Most financial news, outside of Bloomberg and The Financial Times, can only be described as extraordinarily poor. It is generally written for the casual reader and as such is tied to sound bites or headlines prone to hyperbole. Markets are either ” crashing” or “soaring”, and the level of analysis is cursory at best. This is to be expected in an environment where technology has progressed to such a degree that we can get a read on peoples immediate thoughts however illogical or ill conceived. That’s the world we live in and we must adjust, but when it comes down to making real fundamental decisions, this type of “news” runs counter to what we as investors should pay attention to, much less act on.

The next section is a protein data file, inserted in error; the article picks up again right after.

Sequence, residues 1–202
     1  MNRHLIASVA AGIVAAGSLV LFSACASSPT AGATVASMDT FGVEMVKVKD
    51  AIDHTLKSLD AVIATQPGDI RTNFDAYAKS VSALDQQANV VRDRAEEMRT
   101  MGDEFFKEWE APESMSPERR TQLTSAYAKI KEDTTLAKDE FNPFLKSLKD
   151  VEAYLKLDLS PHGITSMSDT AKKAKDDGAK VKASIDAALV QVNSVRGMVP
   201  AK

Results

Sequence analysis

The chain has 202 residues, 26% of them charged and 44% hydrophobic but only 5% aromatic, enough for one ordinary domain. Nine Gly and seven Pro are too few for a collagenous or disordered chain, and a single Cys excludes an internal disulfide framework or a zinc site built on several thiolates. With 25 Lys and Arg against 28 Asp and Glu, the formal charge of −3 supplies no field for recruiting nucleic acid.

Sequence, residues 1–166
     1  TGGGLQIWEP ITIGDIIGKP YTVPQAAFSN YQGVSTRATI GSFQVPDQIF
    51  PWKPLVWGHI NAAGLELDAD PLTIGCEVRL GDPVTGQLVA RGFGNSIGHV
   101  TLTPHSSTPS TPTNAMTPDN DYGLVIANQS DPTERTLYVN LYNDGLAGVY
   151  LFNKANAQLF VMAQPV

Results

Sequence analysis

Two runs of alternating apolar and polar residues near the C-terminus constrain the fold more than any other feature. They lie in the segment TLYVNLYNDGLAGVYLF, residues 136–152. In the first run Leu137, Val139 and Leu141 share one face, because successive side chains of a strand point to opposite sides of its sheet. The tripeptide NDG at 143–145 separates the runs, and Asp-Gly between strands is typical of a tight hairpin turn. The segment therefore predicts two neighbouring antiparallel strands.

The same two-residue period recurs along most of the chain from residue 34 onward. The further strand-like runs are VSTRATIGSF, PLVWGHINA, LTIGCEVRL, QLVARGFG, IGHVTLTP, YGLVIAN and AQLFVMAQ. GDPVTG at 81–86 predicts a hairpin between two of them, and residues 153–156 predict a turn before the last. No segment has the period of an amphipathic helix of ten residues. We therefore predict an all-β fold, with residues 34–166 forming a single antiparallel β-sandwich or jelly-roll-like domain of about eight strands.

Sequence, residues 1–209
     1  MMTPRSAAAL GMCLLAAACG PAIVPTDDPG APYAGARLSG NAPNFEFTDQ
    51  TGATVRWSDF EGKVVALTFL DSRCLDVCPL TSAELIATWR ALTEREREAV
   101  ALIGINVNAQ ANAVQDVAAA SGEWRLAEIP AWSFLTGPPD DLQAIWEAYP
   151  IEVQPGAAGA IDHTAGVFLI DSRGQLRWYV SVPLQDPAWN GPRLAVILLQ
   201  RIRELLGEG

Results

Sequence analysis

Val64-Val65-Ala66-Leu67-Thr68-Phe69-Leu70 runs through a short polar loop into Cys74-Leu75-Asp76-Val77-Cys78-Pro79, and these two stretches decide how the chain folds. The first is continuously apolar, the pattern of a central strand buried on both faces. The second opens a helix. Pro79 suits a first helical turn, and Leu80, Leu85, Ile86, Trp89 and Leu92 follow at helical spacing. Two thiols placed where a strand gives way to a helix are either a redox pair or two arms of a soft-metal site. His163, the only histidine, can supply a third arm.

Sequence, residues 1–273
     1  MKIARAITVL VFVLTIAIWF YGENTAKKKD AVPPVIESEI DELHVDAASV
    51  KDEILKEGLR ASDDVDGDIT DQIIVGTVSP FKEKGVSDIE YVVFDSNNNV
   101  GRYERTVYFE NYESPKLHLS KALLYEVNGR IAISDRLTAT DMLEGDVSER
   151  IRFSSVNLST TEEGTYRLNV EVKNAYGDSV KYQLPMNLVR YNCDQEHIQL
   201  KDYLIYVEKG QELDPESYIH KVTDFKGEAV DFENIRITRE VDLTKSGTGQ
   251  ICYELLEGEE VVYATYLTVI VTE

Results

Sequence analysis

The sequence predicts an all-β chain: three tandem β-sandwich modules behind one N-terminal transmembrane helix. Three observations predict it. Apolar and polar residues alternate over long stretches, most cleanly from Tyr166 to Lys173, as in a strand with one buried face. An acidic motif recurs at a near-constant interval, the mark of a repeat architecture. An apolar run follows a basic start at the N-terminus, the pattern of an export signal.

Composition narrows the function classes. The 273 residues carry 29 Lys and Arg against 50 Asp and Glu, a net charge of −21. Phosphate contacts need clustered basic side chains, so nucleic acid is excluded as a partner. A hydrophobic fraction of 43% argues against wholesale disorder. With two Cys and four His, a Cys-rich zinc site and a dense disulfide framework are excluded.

It is our opinion that this ” real time” financial mentality has only added to the overall noise level that existed prior to twitter and Facebook. The question becomes: has this increased din made it more or less difficult to effectively manage a portfolio with a purely fundamental perspective? We would argue the point that, while it has become more difficult to sift through the noise simply due to the additional volumes, the frequency and incessant nature of this noise ensures that true value players will have more opportunity sets.